In the following years, various local and state celebrations of Flag Day took place across the country. However, it wasn’t until May 30, 1916, that President Woodrow Wilson issued a proclamation establishing June 14 as National Flag Day. The proclamation encouraged all Americans to display the flag on that day and called for patriotic observances.

Finally, on August 3, 1949, National Flag Day was officially recognized by an Act of Congress signed into law by President Harry S. Truman. This legislation established Flag Day as a nationwide observance, encouraging all citizens to display the flag and organizing appropriate ceremonies.

Today, Flag Day is observed throughout the United States. It serves as an occasion to honor the history, significance, and symbolism of the American flag as a symbol of freedom, unity, and national pride. Many communities organize parades, flag-raising ceremonies, and patriotic events to commemorate the day.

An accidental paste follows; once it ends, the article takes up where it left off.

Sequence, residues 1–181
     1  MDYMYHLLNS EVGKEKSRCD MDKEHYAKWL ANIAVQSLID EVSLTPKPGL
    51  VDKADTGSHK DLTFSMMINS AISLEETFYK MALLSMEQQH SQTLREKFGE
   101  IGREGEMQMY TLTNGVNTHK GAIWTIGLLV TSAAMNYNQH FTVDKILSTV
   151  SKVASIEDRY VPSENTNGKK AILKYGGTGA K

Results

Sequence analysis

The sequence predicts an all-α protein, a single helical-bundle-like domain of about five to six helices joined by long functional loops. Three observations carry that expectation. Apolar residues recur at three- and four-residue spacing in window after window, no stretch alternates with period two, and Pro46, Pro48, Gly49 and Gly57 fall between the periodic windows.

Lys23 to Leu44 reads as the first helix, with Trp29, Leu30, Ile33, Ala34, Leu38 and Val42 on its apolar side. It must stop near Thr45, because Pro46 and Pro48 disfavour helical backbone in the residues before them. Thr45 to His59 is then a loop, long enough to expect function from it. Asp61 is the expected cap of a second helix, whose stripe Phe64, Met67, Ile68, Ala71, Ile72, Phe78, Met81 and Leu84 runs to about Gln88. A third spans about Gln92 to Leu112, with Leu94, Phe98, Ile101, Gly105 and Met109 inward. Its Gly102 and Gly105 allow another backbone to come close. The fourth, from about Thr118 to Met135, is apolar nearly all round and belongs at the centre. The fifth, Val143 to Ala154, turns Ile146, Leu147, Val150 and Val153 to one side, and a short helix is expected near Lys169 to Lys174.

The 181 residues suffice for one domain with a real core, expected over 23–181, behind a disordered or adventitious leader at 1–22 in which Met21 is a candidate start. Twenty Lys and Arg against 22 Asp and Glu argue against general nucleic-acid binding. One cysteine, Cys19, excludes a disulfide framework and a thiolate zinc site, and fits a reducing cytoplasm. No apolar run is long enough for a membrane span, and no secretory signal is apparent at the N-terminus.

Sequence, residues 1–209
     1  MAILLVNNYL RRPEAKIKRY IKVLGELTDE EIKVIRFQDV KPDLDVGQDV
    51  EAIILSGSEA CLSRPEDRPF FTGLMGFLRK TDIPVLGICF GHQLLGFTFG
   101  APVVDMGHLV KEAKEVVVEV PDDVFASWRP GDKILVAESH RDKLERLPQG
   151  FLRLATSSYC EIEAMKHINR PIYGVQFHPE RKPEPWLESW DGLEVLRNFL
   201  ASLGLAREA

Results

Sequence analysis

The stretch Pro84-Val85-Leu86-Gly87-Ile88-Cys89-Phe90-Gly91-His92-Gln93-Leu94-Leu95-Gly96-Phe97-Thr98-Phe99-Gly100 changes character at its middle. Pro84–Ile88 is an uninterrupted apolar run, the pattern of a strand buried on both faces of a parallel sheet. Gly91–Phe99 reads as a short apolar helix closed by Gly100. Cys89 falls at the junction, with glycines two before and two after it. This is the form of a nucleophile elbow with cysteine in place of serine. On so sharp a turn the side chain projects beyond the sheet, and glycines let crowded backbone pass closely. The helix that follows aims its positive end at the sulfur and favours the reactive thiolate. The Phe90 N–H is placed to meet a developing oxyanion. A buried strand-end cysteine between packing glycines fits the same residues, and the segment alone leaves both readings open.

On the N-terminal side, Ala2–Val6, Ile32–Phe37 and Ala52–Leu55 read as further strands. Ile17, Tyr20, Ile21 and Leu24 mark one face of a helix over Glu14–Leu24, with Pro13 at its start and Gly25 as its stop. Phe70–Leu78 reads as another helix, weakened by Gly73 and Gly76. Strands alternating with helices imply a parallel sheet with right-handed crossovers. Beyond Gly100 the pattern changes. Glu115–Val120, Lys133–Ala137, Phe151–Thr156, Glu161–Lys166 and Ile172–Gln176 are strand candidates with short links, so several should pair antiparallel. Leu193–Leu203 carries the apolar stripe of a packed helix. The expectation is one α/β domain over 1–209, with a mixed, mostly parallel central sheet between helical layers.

US Flag Day poster 1917

140th U.S. Flag Day poster 1777-1917. The birthday of the stars and stripes, June 14th, 1917. “Tis the Star Spangled Banner, oh, long may it wave, o’er the land of the free and the home of the brave!”  Credit: Unknown Author. 1917. Wikimedia & Library of Congress

Old Glory

Where did the nickname "Old Glory" come from?

The flag’s association with the name “Old Glory” is credited to Captain William Driver, a sea captain from Massachusetts. According to the story, Captain Driver, who was a staunch Unionist during the American Civil War, received a 24-star flag as a gift from his mother in 1824. He affectionately named the flag “Old Glory” and flew it from his ship.

During the Civil War, Driver hid the flag to protect it from Confederate forces. When Captain Driver returned from the sea, he proudly displayed Old Glory on patriotic days outside his home in Nashville. After the war, he carried Old Glory to the Tennessee state capitol building where it flew for years and gained recognition.

Through the efforts of Captain Driver, the term Old Glory became synonymous with the American flag. Today, the nickname “Old Glory” is sometimes used to refer to the flag as a symbol of national pride and heritage.

The original “Old Glory” owned by sea captain William Driver.
Credit: Homer Hoyt – Harlan Hoyt Horner. 1910. The American Flag. New York: State Education Department. Source: Wikipedia

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History of the US Flag

The history of the United States flag, commonly referred to as the “Stars and Stripes” or “Old Glory,” is intertwined with the nation’s founding and development.